Soni Sheimar, General Manager, Easi-Dec, discusses how to ensure work on fragile roofs can be carried out safety in the August/September issue of Roofing Today
Falls from height continue to be linked with fragile roofs. Employers are being faced with court appearances and harsh fines due to unsafe working conditions and not following the correct procedures for employees to remain
Industrial roofing is prone to being fragile, with various weak spots and uneven surfaces making it an unsafe environment for workers undertaking rooftop tasks. According to the Health and Safety Executive (HSE), falls from height remain one of the most common causes of fatality and major injury in the UK. The 2012/2013 national figures report that two million working days were lost due to slips, trips and falls, while 46 fatal injuries involved worked falling from height.
The key piece of legislation is the Work at Height Regulations 2005, amended 2007, which places a legal requirement for anyone who contracts others to access and maintain rooftop equipment on public buildings and housing developments to ensure proper safety precautions are in place. Breaching these regulations can result in a legal prosecution and a substantial fine or imprisonment.
A Bristol based roofing company recently pleaded guilty to failing to make an adequate assessment of the risks to its employees when working at height. An employee fell through a roof light of a warehouse in July 2013 after carrying out patch repairs on the flat roof. HSE’s investigation found that the risk assessment was not appropriate for the task and the system of work was unsafe. The company pled guilty to a breach of Regulation 4 of the Working at Height Regulations 2005 and was fined £10,000.
It is essential that all work at height is properly planned and carried out by competent members of staff to avoid accidents. It is also the contractor’s responsibility to be trained to safely work at height, ensuring that they understand and work within the regulations.
Selecting the right equipment is key to reducing the risk of accidents and falls from height. It needs to be secure, easy to access and meet regulations. From the contractor’s point of view, it’s also helpful if the system selected is easy to install, available at short notice and offers good value for money.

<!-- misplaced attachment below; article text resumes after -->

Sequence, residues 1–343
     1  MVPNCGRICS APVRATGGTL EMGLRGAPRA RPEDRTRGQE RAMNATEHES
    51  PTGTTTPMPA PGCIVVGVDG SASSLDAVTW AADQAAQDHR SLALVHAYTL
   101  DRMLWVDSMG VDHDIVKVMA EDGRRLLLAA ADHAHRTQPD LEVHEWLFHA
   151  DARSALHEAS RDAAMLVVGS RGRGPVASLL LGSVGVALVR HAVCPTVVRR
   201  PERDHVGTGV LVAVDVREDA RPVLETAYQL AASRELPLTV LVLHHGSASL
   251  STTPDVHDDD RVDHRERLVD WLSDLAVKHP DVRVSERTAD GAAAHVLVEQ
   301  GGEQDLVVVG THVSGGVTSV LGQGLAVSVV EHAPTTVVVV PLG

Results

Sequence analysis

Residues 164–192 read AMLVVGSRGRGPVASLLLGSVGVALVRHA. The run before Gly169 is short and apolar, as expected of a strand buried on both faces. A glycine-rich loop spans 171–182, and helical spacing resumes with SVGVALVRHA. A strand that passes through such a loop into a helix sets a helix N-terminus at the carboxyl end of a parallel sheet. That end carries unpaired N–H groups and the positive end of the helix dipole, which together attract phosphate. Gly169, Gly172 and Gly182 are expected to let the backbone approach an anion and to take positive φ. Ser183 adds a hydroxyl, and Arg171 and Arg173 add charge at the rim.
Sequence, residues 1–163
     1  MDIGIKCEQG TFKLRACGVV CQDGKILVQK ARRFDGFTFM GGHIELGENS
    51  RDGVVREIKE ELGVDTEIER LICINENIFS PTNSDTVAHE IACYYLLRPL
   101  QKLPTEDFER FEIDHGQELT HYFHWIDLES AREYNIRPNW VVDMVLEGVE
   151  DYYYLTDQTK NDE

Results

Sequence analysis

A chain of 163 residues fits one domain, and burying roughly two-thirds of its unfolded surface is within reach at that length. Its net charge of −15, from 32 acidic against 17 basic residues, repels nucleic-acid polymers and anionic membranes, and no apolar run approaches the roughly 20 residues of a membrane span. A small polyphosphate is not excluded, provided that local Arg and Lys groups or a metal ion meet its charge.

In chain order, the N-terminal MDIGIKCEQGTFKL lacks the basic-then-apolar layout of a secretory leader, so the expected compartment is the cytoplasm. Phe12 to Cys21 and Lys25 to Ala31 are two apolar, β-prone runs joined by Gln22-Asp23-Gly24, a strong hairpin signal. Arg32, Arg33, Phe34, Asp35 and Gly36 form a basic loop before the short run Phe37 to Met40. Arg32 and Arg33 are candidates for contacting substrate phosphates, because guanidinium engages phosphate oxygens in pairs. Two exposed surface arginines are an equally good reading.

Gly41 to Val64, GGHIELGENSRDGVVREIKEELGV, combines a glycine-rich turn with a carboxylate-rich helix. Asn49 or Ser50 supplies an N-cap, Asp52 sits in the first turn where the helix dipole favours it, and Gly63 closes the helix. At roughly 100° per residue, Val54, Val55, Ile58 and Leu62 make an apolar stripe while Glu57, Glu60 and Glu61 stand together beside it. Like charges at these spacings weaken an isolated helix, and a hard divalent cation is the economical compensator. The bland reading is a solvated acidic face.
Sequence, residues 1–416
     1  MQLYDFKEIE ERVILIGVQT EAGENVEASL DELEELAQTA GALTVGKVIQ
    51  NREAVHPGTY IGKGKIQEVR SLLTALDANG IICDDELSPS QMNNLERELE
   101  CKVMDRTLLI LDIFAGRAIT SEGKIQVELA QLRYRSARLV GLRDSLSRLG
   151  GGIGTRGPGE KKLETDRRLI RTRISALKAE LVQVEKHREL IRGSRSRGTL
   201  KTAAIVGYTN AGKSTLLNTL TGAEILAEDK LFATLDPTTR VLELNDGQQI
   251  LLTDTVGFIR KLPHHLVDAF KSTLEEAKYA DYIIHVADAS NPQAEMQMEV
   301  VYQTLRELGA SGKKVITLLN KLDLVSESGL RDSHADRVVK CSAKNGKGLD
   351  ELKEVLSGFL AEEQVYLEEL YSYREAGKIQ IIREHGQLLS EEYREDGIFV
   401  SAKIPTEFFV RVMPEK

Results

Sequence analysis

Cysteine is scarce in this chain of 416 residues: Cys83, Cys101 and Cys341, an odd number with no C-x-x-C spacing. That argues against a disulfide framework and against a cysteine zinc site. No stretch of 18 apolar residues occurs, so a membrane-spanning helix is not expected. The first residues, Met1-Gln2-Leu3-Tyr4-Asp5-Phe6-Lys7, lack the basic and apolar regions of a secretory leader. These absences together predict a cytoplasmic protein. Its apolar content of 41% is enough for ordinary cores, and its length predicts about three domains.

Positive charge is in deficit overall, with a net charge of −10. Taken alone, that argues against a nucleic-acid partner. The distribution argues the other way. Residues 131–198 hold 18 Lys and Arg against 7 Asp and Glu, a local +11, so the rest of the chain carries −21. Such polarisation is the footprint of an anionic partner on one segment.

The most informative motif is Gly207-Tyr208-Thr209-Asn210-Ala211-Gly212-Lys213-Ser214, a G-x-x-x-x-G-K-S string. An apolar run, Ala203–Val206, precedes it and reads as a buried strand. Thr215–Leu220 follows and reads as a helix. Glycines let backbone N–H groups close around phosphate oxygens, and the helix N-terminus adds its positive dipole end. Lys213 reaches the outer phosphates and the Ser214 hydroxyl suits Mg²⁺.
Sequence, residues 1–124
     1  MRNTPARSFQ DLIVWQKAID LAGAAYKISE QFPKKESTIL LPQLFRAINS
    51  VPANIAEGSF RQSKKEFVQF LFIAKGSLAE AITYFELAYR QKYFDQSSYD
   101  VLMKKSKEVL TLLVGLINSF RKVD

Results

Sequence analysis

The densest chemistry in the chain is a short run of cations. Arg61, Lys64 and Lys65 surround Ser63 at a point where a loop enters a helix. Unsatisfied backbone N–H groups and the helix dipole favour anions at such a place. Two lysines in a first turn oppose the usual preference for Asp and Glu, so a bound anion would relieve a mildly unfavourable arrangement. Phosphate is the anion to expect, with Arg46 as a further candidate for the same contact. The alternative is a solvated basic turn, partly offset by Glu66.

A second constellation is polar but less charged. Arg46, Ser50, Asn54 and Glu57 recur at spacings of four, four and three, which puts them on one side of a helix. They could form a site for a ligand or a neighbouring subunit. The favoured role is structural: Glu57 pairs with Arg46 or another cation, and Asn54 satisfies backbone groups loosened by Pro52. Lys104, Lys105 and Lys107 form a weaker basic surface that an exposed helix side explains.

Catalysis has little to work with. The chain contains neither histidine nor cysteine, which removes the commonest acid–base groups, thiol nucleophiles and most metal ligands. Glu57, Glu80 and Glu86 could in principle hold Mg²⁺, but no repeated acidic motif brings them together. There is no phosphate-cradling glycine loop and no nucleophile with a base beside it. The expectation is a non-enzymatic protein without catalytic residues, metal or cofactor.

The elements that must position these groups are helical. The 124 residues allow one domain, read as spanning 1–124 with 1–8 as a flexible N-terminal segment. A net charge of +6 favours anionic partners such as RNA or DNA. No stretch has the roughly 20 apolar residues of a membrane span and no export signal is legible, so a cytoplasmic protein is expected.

Access to industrial roof tops requires solutions that are designed to overcome the challenges of working on fragile roofs and provide the user with a safe working position for skin maintenance, inspection, cleaning and re-sealing work. Many manufacturers, including Easi-Dec have developed a range of products to provide a safety system that is suitable for all requirements and simplify short duration roof work.
Any of these three types of access systems can be considered when accessing industrial roof tops – mesh walkways, rolling platforms and mobile walking frames.
Mesh walkways are a great option when access is needed to run from the eaves to ridge. It provides the benefit of spreading the weight across the support battens, allowing the workers to confidently move along the full length of the system. Opting for a solution that is made from high grade aluminium ensures the structure is robust, lightweight, and easily transportable.
A fully guarded rolling platform, which is mounted on twin racks, allows workers to move up and down the roof on a secure and level surface. Requiring no penetration, the structure is easy to assemble and take down, and is possible to transport quickly to other parts of the roof. The platform moves along a linking track which is fitted with safety mesh and battens to provide further support.
Lightweight mobile walking frames are designed to provide safe access for one or two people when working along valley gutters. The outriggers are filled with safety mesh and cushioned for comfort. This system can also be used to transport light payloads. Suitable for typical symmetrical valleys, the system could also be fully adjustable to suit uneven designs. Specifying these types of systems presents contractors with a quicker, more cost-effective and more practical approach to rooftop access, and will ensure that they and their employers comply fully with the requirements of the Work at Height Regulations. It’s a win-win for both parties.
Roofing Today is the authoritative magazine for the roofing industry and features comprehensive and topical coverage written by industry specialists.